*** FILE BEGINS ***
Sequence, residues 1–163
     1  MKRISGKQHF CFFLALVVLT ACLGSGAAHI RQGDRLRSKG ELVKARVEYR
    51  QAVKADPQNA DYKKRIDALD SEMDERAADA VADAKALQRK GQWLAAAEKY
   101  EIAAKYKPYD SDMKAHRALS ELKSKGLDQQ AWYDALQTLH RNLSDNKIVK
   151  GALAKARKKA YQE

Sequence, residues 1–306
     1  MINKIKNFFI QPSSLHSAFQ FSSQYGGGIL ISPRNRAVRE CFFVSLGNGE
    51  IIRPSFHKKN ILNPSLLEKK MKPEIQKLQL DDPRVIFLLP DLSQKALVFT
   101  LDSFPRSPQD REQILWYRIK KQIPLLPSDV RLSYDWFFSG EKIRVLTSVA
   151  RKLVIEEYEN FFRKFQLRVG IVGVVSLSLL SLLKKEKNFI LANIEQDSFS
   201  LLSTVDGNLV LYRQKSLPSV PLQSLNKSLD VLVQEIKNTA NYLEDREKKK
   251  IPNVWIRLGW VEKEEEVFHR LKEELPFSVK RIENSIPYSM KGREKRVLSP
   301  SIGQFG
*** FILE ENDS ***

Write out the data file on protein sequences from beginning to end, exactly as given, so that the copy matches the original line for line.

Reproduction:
Sequence, residues 1–163
     1  MKRISGKQHF CFFLALVVLT ACLGSGAAHI RQGDRLRSKG ELVKARVEYR
    51  QAVKADPQNA DYKKRIDALD SEMDERAADA VADAKALQRK GQWLAAAEKY
   101  EIAAKYKPYD SDMKAHRALS ELKSKGLDQQ AWYDALQTLH RNLSDNKIVK
   151  GALAKARKKA YQE

Sequence, residues 1–306
     1  MINKIKNFFI QPSSLHSAFQ FSSQYGGGIL ISPRNRAVRE CFFVSLGNGE
    51  IIRPSFHKKN ILNPSLLEKK MKPEIQKLQL DDPRVIFLLP DLSQKALVFT
   101  LDSFPRSPQD REQILWYRIK KQIPLLPSDV RLSYDWFFSG EKIRVLTSVA
   151  RKLVIEEYEN FFRKFQLRVG IVGVVSLSLL SLLKKEKNFI LANIEQDSFS
   201  LLSTVDGNLV LYRQKSLPSV PLQSLNKSLD VLVQEIKNTA NYLEDREKKK
   251  IPNVWIRLGW VEKEEEVFHR LKEELPFSVK RIENSIPYSM KGREKRVLSP
   301  SIGQFG